“I find the question irritating – I would like to know in whose interest the question is asked, and what are the consequences of deciding one way or another? What hangs on the ‘A word’? Privacy and consent are important. Is the question being asked because there is a subliminal, or even overt, concern about privacy and illness?”

The above comment from an artist and fellow traveller of the ‘mentally interesting’ highway. I choose to call the individuals ‘artists’, not ‘makers’, not ‘patients’. I do not mean artists with a capital A, they are not being unwillingly put on a pedestal, but they are making art and are therefore artists.

Another contributor, a disabled artist attached to an arts organisation, currently exhibition in central London, put forward the notion that all art is record of suffering, pain, anguish, joy and elation.

It doesn’t take containment to express deep depression or malaise, the wish for escape or transportation to another place. Is it perhaps unhelpful to create distinction between artists who lived in an asylum, and those who were at liberty? Does the expectation of liberty colour the art you make? Everything we see colours our art, social, political backgrounds, so it goes without saying that would have influence on work made.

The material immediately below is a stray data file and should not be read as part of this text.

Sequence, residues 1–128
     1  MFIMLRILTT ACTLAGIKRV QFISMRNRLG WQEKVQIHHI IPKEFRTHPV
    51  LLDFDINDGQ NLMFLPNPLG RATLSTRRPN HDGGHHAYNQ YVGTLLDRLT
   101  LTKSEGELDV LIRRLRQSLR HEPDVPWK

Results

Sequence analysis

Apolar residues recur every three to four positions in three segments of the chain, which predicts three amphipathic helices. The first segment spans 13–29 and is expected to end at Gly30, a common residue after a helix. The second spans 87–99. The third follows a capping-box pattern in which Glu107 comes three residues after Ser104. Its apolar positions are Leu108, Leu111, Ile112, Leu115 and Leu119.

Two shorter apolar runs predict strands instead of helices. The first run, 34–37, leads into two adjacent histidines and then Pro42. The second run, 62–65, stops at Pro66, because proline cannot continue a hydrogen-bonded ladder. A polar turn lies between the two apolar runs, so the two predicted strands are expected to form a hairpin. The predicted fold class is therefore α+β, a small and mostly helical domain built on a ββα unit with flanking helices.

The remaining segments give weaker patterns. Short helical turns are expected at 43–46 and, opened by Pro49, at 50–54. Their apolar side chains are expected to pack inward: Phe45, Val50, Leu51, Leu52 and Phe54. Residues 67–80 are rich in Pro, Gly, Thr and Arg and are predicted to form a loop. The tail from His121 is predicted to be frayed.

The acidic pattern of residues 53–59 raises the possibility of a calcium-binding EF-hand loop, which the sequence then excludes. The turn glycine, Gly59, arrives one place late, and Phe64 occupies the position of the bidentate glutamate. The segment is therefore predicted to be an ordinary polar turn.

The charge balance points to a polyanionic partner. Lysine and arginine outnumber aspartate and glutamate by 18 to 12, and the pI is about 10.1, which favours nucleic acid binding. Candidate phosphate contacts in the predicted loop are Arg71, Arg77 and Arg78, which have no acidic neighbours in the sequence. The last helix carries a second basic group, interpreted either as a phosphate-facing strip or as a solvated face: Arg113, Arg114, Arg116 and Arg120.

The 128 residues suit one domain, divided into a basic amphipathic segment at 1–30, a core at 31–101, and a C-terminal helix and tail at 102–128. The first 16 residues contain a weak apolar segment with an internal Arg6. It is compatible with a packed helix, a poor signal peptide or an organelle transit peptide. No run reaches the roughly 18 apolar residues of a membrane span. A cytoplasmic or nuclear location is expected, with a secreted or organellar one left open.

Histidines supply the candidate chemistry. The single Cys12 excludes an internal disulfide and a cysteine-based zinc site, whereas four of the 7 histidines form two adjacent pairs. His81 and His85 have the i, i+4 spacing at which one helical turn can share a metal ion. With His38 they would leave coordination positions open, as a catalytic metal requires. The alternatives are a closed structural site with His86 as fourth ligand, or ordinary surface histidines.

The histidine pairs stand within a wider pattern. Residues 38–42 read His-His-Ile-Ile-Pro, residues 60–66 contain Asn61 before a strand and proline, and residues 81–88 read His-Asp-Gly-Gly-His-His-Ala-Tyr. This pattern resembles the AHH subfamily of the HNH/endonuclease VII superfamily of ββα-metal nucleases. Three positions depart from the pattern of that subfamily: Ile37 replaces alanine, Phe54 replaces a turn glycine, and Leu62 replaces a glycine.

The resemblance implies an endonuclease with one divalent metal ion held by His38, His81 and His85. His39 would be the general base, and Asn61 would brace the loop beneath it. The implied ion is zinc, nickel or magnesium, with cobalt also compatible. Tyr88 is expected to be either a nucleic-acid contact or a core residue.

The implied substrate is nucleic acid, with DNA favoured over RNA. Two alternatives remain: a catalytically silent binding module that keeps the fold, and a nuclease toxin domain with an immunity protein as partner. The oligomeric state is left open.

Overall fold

There is a fear of art, a fear of the original, the power and danger. That fear drives us to categorise and contain art. Containment and categorisation, putting things in boxes, describing things, making them more digestible.

©Adamson Collection/Wellcome Library

I think of one young artist I know, who makes incredible trash sculptures, festooned with fairy lights and coloured glass. This particular artist sits somewhere on the autistic spectrum. Whenever I discuss his work with others I am in constant turmoil about whether the prefix the word ‘artist’ with ‘autistic’ or not.

Would someone not on the autistic spectrum make the similar artwork, aesthetically? Probably. Would he want me to put his output in the margin of autistic artist? Does his autism play a part in his artwork? Of course, but, still, how should I represent him and his work?

Or is the categorisation for the sake of selling and adding value? Is it a tactical move to give the art works value, and whose interest would that be in? Artworks from high security hospitals sell out within seconds of being announced. Is this not the sensationalisation of high profile patients to make a bigger profit?